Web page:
Muslims Won't Be A Passing Victim In Trump's Administration, Nashashibi Says
RACHEL MARTIN, HOST:
There's been a lot of talk in the past year about hate crimes against minority groups. As we begin 2017, we wanted to hear how it feels to be a member of one of those groups being targeted right now, Muslim Americans. Rami Nashashibi leads a Chicago nonprofit called the Inner-City Muslim Action Network. When we reached out to him, in our conversation he brought up the San Bernardino shooting in December of 2015 when a Muslim couple shot and killed 14 people. Nashashibi told me a story about how that attack affected him from a distance. He said shortly after the shooting he was in a park on the south side of Chicago with his kids.
RAMI NASHASHIBI: As I typically always do with my children, when it comes time for one of the prayer times, I'll pray publicly. And I stood watching them play and became mindful of a couple of cars that were driving up. There was a moment where I paused, quite frankly, about whether or not this was the smartest thing to do. And one of my daughters caught me in that moment, and it was just an innocent question about why I was hesitating to pray. And...
MARTIN: She was calling you out.
NASHASHIBI: She was calling me out.
MARTIN: Nashashibi says, for him, that moment illustrated the complexity of what it means to be a Muslim American in the age of al-Qaida and ISIS. And at that time, the presidential election was just kicking into high gear.
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DONALD TRUMP: Donald J. Trump is calling for a total and complete shutdown of Muslims entering the United States until our country's representatives can figure out what the hell is going on.
MARTIN: It was a refrain Trump repeated throughout the campaign. Last November, he also suggested that all Muslims in the country be included in some kind of government registry. But Nashashibi worries that singling out individuals based on their religion is tantamount to calling all Muslims terrorists.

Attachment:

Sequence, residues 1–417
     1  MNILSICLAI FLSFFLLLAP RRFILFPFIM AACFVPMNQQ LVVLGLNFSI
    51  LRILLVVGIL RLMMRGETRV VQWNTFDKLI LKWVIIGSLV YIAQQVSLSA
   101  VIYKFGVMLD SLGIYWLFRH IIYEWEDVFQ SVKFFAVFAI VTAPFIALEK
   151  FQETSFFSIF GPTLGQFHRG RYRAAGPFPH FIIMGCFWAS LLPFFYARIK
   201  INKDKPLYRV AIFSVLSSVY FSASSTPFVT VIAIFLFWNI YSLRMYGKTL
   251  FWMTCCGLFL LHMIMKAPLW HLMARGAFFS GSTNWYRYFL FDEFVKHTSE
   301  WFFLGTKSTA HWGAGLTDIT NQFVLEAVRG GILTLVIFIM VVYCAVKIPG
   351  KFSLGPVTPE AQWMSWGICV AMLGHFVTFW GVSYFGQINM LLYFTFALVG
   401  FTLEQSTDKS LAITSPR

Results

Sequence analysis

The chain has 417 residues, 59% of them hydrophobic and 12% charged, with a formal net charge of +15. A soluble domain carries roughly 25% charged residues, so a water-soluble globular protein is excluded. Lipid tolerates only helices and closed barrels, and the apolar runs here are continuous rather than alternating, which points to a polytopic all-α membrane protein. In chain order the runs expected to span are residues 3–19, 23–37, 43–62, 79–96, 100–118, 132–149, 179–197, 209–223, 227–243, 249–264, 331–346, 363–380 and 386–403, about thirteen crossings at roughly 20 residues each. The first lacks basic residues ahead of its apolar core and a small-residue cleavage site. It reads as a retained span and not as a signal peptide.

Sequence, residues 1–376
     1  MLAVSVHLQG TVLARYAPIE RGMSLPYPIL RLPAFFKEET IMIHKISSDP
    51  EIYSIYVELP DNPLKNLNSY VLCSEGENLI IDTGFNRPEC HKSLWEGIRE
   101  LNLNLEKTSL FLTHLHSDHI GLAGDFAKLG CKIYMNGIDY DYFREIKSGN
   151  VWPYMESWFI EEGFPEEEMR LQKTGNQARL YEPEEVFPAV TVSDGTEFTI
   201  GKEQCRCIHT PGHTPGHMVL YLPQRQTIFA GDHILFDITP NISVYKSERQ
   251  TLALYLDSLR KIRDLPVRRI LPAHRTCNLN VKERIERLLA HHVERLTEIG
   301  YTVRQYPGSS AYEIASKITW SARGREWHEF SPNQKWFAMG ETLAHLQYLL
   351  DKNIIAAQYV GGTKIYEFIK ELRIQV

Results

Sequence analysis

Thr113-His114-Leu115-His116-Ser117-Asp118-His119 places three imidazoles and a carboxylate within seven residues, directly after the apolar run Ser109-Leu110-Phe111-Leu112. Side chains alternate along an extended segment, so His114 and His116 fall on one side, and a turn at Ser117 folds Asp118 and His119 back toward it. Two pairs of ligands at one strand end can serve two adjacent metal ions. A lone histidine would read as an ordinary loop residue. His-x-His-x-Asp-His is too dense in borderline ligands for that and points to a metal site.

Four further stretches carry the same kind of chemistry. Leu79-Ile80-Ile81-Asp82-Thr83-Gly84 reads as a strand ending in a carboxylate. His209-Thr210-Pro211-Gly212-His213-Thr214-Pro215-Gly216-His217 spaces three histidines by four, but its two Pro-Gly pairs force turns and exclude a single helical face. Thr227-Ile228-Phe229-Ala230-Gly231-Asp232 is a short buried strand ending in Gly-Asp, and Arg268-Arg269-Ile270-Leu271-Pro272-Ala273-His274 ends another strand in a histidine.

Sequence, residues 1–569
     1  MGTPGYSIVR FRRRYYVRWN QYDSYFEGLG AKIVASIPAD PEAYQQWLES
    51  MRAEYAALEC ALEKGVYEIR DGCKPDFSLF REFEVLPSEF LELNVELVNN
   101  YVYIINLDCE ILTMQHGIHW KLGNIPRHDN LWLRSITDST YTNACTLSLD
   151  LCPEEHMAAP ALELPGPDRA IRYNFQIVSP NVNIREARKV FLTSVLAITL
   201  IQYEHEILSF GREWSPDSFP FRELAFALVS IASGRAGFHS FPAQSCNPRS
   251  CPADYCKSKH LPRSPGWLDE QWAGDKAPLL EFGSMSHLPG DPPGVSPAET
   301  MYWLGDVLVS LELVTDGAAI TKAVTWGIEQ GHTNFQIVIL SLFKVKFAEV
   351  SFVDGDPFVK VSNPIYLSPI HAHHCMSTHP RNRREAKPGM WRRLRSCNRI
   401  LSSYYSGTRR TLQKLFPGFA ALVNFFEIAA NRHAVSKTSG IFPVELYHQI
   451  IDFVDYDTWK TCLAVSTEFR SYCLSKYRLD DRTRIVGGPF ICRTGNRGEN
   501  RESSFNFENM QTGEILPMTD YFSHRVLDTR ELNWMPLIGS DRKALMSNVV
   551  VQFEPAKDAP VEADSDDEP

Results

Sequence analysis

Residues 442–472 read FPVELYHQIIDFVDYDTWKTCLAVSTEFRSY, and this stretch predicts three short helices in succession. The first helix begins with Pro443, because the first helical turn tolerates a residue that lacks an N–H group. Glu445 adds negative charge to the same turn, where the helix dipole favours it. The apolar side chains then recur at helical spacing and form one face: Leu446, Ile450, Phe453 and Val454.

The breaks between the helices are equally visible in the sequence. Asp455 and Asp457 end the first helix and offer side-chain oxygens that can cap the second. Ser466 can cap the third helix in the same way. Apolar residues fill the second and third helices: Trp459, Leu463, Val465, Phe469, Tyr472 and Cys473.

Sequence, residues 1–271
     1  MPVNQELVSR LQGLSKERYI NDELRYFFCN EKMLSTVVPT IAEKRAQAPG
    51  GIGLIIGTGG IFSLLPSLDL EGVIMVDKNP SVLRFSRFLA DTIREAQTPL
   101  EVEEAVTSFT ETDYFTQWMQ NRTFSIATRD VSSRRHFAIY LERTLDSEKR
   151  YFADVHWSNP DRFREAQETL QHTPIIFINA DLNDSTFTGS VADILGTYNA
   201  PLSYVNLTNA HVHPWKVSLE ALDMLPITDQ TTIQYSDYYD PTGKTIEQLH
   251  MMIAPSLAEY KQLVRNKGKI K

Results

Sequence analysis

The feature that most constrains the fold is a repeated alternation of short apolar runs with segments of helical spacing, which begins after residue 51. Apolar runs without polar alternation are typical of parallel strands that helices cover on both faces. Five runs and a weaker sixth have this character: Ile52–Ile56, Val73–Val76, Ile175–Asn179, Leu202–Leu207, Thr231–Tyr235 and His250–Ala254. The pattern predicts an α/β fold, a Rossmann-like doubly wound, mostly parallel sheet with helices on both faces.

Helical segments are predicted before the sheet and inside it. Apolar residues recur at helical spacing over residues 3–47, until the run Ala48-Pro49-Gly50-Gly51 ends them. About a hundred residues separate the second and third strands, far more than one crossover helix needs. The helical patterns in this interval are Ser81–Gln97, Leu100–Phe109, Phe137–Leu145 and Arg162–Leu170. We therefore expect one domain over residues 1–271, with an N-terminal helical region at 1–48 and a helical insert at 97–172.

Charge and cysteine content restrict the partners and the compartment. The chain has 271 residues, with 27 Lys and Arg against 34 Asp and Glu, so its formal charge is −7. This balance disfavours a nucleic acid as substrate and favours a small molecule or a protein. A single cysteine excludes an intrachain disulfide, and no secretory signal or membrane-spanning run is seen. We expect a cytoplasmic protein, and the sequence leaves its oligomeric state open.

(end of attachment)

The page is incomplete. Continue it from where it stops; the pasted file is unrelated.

NASHASHIBI: I get it. ISIS does effectively co-opt, appropriate parts of the Islamic tradition. There's no doubt. I mean, we see that unfortunately in all religious traditions. But I think the question for us is not to be blinded or naive to what is happening across the globe, but when it comes to language, language matters. And what my 10-year-old daughter and my 7-year-old daughter and my 5-year-old son grow up seeing on CNN, you know, Muslim terrorists, that matters. That has profound psychological effects on children.
MARTIN: We've seen all kinds of people go to Trump Tower to bend the president-elect's ear on a variety of issues. If you were granted 15 minutes with the next president, what would you say?
NASHASHIBI: On some level, I think I would say that whipping up the worst of the sentiments of America, using fear to mobilize people, at the end of the day will come back to haunt us, all of us, and that our community is not going to simply settle for being passive victims in this administration. We are going to organize. We are going to mobilize, and we're going to make sure our voices are heard.
MARTIN: Rami Nashashibi is the founder of the Inner-City Muslim Action Network based in Chicago. Rami, thank you so much for your time.
NASHASHIBI: Thank you, Rachel. Transcript provided by NPR, Copyright NPR.